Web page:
• In one LFA embodiment of the device 2, the fluid sample dispensed upon the collection pad (receptor 12) is transported via capillary action along test strip 9 to the reaction zone 10. The liquid sample flows from the sample receptor 12 (not shown) in contact with one padded end 11 of test strip 9 through the reaction zone 10 to a padded second end 13. In general, the fluid sample flows through this mechanism one-way along the test strip 9. The padding “pulls” the liquid containing the analyte along the membrane from one end of the membrane to another end of the membrane, through the reaction zone, where any of the analyte to be detected that is present in the fluid sample is bound to the analyte capture reagent(s) immobilized on one or more stripes. The test strip 9 may be composed of a standard cellulose ester, with nitrocellulose usually providing good results. Notably, all of the optical components required to illuminate and detect the presence and intensity of the optical change induced in the fluid sample are fixed in alignment in the disposable cartridge 4, while the electronics for processing (microprocessor 20) and storing and/or indicating the results of the test are packaged in the semi-disposable, multi-use reader 6.
  • It is to be understood that the invention can be configured for detecting a broad range of analytes, including therapeutic drugs, drugs of abuse, hormones, vitamins, glucose proteins (including antibodies of all classes), peptides, steroids, bacteria or bacterial infection, fungi, viruses, parasites, components or products of bacteria, allergens of all types, antigens of all types, products or components of normal or malignant cells, and the like.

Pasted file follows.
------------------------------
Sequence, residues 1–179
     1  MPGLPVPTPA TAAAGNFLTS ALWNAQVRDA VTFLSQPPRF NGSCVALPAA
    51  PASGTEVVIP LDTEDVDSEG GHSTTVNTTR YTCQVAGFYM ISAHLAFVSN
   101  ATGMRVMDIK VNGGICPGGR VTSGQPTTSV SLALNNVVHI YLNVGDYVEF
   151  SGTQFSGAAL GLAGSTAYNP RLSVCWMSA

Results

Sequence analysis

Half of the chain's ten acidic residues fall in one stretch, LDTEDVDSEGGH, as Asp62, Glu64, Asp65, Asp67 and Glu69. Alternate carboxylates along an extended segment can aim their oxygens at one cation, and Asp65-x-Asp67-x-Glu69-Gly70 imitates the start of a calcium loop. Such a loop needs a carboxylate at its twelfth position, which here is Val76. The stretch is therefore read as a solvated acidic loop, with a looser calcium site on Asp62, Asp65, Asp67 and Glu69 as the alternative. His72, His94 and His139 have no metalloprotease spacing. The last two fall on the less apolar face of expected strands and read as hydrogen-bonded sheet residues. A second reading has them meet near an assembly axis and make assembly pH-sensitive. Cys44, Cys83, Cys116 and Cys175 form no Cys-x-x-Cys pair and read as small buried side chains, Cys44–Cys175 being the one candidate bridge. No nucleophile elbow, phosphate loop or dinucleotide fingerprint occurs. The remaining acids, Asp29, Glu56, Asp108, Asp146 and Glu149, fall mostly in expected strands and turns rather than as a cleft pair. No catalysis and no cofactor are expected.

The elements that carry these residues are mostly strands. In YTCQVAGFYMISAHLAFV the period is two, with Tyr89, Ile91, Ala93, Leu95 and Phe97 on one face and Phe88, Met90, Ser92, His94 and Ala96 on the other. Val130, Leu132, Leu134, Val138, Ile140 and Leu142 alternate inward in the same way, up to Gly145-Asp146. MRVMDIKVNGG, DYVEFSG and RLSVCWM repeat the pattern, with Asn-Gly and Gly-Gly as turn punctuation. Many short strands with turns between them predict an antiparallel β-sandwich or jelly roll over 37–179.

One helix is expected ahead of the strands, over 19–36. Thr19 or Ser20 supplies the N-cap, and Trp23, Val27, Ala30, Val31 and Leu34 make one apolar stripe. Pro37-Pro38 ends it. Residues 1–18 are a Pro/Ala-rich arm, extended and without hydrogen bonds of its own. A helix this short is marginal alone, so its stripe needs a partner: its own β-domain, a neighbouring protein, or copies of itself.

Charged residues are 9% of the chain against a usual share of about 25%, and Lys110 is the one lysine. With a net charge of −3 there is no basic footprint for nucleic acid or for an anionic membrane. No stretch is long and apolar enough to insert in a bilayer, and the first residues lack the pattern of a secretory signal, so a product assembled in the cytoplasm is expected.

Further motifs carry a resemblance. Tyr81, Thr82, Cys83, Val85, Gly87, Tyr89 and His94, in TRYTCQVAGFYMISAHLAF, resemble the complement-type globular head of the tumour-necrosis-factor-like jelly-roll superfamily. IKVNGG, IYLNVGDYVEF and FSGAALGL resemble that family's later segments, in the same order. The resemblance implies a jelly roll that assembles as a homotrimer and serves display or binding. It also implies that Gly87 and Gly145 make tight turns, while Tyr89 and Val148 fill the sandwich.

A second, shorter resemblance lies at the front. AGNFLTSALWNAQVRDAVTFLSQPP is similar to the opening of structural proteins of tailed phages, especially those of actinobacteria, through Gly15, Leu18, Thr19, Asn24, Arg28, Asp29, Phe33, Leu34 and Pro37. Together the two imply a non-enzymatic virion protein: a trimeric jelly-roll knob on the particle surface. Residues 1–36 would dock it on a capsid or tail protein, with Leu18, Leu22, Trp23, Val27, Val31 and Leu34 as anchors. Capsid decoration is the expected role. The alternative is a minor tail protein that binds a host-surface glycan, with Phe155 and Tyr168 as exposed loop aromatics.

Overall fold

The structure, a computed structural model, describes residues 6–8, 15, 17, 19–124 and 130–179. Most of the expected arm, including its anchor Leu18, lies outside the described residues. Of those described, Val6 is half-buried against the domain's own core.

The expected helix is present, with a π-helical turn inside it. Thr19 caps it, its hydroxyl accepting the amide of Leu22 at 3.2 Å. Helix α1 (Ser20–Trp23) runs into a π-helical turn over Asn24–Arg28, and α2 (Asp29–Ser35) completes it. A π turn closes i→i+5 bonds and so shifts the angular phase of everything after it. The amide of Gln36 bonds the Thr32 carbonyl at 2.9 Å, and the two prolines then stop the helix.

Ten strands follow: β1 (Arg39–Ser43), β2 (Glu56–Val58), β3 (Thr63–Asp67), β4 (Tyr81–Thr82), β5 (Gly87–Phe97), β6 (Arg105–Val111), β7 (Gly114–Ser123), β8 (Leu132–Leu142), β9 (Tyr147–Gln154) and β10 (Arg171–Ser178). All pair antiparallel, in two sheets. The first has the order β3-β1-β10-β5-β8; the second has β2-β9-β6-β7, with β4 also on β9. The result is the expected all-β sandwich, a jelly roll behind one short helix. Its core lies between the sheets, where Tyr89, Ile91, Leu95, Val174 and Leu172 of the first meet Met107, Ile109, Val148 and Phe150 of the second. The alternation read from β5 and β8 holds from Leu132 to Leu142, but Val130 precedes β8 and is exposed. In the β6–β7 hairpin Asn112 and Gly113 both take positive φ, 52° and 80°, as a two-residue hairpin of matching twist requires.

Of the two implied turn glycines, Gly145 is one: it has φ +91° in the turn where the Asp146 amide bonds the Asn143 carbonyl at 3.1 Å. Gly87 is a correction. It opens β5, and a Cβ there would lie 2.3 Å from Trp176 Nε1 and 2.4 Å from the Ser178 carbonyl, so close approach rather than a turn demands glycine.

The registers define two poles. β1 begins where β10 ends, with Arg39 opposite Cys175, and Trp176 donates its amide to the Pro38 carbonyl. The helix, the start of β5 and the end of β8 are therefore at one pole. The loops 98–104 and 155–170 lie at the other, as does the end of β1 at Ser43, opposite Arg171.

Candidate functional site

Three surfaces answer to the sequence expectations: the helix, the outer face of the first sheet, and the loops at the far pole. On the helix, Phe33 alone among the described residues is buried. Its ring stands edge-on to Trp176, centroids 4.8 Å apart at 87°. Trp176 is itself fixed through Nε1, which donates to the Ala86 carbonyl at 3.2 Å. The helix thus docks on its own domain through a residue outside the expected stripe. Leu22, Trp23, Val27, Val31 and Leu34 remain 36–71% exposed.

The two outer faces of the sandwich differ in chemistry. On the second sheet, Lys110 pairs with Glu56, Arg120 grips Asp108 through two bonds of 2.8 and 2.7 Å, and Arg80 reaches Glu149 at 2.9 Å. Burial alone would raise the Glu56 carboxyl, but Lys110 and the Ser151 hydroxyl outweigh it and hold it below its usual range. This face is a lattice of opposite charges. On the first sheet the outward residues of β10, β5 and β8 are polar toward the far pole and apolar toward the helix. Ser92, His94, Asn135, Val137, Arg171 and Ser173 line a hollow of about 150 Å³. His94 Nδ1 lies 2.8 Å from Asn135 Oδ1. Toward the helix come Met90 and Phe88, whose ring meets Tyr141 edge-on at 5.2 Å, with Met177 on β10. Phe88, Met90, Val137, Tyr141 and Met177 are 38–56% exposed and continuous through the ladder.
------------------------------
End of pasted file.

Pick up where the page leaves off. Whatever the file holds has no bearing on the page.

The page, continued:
• The description above of an LFA embodiment of the invention is by no means intended to be limiting. Optical immuno, micro-fluidic, and fluorescent label molecule assay embodiments of the invention, for example, are considered to be within the scope of the invention. No sample receptor or fluid transport mechanisms are employed in optical immunoassay (OIA) embodiments of the present invention, wherein the fluid sample under test is directly deposited upon an optically reflective substrate (through a sample input window/port) with an analyte-binding capture reagent. In an OIA embodiment, rather than being composed of nitrocellulose material as is the test strip of the LFA embodiment, the test substrate is composed of an optically reflective surface such as, for example, silicon and the like, upon which have been formed thin molecular films of silicon or non-silicon reagents. The surface of the test substrate is optically aligned with one or more light sources and one or more photodetectors. Light emitted from the light source(s) is incident upon the substrate in the reaction zone, and the change in the reflection of light through the fluid sample and molecular thin films on the substrate is detected and one or more signals associated with the change is generated.